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Dubislav von Platen
Born (1714-08-24)24 August 1714
Died 7 June 1787(1787-06-07) (aged 72)
Allegiance  Prussia
Service/branch Prussian Army
Years of service 1701–1766
Rank General of the Cavalry
Battles/wars War of Austrian Succession
Second Silesian War
Seven Years' War
War of Bavarian Succession
Awards Black Eagle Order
Equestrian statue of Frederick the Great
Knight, Order of Saint John
Order Pour le Merite
Spouse(s) Sophia Susanna Charlotte von Cocceji
Relations Hans Friedrich von Platen (father)
Leopold Johann von Platen (brother)

Dubislav Friedrich von Platen (23 August 1714 – 7 June 1787) was a Prussian officer in Frederick the Great's army. A cavalry general, he was also Governor of Königsberg, a Knight of the Order of Saint John, and a recipient of the Order of the Black Eagle. An active cavalry officer in all of the wars fought by Frederick—the War of Austrian Succession, the Second Silesian War, the Seven Years' War and, finally, the War of Bavarian Succession—he was memorialized on Equestrian statue of Frederick the Great in 1851 erected by Frederick's great-great nephew, Frederick William IV.


Friedrich von Platen was the son of general Hans Friedrich von Platen (21 January 1668 – 17 May 1743) and Hypolita Juliane von Podewils.[1] His brother, General Leopold Johann von Platen, died 22 December 1780. Friedrich von Platen married Sophia Susanna Charlotte von Cocceji, the daughter of Prussian Minister of Justice Samuel von Cocceji. A son and a daughter survived him.[2]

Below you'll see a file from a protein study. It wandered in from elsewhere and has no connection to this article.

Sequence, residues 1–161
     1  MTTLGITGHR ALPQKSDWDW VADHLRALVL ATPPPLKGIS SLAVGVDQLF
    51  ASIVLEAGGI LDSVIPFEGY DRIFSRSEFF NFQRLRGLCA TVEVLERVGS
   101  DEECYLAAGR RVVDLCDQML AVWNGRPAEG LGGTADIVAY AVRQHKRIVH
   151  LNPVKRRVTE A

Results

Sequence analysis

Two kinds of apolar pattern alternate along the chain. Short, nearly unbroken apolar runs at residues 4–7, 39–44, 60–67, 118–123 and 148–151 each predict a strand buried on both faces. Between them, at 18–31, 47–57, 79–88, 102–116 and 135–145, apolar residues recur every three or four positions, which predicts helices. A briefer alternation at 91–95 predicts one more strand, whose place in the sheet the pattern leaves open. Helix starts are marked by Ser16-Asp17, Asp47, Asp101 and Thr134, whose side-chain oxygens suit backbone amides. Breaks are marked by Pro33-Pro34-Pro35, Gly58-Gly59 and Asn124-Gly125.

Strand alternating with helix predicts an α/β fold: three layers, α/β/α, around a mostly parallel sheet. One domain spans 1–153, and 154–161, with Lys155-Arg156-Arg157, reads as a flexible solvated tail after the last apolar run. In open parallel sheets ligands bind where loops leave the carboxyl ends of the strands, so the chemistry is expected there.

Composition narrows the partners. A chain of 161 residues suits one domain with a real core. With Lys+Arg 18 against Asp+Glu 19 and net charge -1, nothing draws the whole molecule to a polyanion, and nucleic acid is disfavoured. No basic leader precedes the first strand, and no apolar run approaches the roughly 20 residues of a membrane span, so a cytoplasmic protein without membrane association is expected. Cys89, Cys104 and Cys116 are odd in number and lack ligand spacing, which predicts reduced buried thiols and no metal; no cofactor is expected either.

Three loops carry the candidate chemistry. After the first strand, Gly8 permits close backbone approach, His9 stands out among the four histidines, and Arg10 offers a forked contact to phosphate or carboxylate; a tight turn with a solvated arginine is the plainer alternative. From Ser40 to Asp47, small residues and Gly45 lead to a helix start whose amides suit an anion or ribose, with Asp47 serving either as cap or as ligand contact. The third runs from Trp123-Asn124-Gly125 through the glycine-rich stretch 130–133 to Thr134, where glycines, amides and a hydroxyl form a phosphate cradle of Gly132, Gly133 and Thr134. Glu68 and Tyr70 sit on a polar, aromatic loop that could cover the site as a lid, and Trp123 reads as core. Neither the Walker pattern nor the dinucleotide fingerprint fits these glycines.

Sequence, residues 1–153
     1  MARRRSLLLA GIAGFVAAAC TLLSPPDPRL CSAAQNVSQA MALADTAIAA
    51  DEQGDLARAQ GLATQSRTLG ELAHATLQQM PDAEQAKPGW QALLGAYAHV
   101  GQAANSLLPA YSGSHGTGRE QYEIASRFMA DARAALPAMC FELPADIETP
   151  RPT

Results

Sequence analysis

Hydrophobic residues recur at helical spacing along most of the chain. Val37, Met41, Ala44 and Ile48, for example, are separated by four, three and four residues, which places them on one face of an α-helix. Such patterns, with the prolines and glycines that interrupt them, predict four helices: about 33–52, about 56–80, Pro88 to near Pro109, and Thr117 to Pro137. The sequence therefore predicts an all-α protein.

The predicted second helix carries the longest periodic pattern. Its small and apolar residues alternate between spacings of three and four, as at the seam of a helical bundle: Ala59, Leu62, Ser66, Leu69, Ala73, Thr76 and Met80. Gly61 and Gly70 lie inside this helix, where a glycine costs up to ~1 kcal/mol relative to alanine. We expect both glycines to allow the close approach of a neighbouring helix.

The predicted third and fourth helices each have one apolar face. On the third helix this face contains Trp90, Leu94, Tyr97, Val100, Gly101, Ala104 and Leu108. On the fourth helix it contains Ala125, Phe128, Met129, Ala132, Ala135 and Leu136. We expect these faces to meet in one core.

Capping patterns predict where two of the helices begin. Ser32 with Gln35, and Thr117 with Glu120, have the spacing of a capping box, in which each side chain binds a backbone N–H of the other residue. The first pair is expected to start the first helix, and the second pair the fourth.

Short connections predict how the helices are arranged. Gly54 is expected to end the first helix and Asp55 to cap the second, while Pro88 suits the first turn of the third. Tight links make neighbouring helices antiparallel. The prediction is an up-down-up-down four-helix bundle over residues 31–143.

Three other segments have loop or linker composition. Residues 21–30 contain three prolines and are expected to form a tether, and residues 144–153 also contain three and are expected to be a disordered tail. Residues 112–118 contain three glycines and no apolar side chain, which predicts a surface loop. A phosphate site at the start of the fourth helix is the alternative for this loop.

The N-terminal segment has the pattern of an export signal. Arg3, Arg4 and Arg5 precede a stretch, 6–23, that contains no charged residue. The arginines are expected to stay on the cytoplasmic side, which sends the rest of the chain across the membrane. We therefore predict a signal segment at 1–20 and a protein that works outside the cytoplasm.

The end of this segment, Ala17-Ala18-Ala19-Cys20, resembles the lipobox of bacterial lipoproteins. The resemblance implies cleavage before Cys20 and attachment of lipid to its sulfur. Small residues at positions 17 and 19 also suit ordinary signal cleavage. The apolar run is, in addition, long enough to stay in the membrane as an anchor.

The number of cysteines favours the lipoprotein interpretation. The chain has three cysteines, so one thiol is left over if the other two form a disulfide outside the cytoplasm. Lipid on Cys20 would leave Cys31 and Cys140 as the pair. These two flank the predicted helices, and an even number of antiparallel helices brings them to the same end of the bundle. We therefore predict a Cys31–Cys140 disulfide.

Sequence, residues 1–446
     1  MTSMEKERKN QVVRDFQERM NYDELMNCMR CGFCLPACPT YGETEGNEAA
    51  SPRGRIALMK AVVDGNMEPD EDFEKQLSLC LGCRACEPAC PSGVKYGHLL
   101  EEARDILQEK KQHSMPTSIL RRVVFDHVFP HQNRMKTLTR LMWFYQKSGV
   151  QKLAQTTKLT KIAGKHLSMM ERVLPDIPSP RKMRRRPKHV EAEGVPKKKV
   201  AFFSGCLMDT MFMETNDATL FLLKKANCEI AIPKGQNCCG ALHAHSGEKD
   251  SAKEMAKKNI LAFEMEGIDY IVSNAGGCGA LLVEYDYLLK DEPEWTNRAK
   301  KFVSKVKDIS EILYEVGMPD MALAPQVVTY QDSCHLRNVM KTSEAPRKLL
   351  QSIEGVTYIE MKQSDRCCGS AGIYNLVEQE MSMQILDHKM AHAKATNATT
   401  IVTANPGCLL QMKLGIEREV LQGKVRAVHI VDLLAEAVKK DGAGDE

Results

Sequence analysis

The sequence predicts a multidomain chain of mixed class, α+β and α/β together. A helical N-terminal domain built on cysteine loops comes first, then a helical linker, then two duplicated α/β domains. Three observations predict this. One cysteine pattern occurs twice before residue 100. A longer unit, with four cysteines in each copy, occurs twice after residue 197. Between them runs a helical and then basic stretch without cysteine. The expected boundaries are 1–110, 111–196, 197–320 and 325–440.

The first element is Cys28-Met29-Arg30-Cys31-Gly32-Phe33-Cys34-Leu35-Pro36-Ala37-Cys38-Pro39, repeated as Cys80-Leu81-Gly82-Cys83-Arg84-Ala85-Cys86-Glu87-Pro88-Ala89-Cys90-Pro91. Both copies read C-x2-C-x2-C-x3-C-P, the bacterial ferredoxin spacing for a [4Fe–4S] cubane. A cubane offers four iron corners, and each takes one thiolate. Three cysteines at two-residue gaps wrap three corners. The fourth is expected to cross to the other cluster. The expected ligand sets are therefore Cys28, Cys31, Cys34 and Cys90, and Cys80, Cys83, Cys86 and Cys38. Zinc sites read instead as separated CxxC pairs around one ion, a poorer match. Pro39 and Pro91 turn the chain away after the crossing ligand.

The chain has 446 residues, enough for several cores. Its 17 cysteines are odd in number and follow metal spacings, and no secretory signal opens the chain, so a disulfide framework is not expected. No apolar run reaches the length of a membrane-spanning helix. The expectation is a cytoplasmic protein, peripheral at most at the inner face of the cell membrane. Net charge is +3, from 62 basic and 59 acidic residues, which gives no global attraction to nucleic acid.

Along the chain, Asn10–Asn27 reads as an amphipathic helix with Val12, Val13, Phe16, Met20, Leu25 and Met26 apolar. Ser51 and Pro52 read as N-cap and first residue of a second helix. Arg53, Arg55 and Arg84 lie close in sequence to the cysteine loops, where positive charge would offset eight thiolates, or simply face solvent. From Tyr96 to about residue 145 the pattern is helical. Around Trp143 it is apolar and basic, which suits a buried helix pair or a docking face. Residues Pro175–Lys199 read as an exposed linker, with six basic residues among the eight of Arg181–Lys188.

Military career[]

On 5 June 1723, at the request of his father, nine-year-old Friedrich von Platen was appointed cornet by King Friedrich Wilhelm I of Prussia; and on 18 August 1729, he became a second lieutenant; on 7 July 1730, he became a first lieutenant. On 11 August 1736, he received his own company in the Cuirassier Regiment "Gessler" No. 4. In the same year, he was accepted into the Johanniterorden in Sonnenburg. At the beginning of the First Silesian War (also called the War of Austrian Succession), he was Rittmeister, a captain of cavalry. His regiment was late for the Battle of Mollwitz but, in 1742, his regiment was involved in the thick of action at the Battle of Chotusitz. He was awarded the Pour le Mérite for his part in executing a successful retreat to Camenz. He was later promoted to major. In 1744 he fought in Bohemia and Moravia. On 22 May 1747, he was promoted to lieutenant colonel;[2] in 1752, he was part of the famed Bayreuth Dragoons and, in 1755, second commander in the Dragoon Regiment "Normann", No. 1.[1]

Promotions [2]

  • Cornet: 1723
  • Second Lieutenant: 1731
  • First (Premier) Lieutenant: 7 July 1730
  • Rittmeister (captain of cavalry): 1741
  • Major: 1744
  • Lieutenant colonel: 22 May 1747
  • Generalmajor: 4 March 1757
  • Generalleutnant: 12 May 1759
  • General of Cavalry: 7 June 1787

Action in the Seven Years' War[]

In the Seven Years' War, Friedrich von Platen's regiment went to Saxony in 1756. On 4 March 1757, Platen received the Dragoon Regiment "Langermann" No. 8 as Inhaber (Proprietor) and was promoted to generalmajor. On 15 April 1757 he fought at Gross-Jägersdorf. After the battle, the regiment was transferred to Pomerania to defend it against the Swedes and fought there at the Siege of Stralsund. At the beginning of 1758, the regiment was transferred to Farther Pomerania, where it was deployed until June against the Russians. He fought on 25 August at the Battle of Zorndorf, where two of his sons died. After the Russian retreat, the regiment drove back troops from such Russian-occupied Pomeranian towns as Gollnow and Greifenberg. He then moved north against the Swedes and his regiment occupied Prenzlau after the Battle of Pasewalk in December. On 17 January 1759, he took part in the capture of Demmin, after which he was again deployed against the Russians, this time in the Stolp area.[2]

Frederick II at the Battle of Zorndorf, where two of Platen's sons were killed.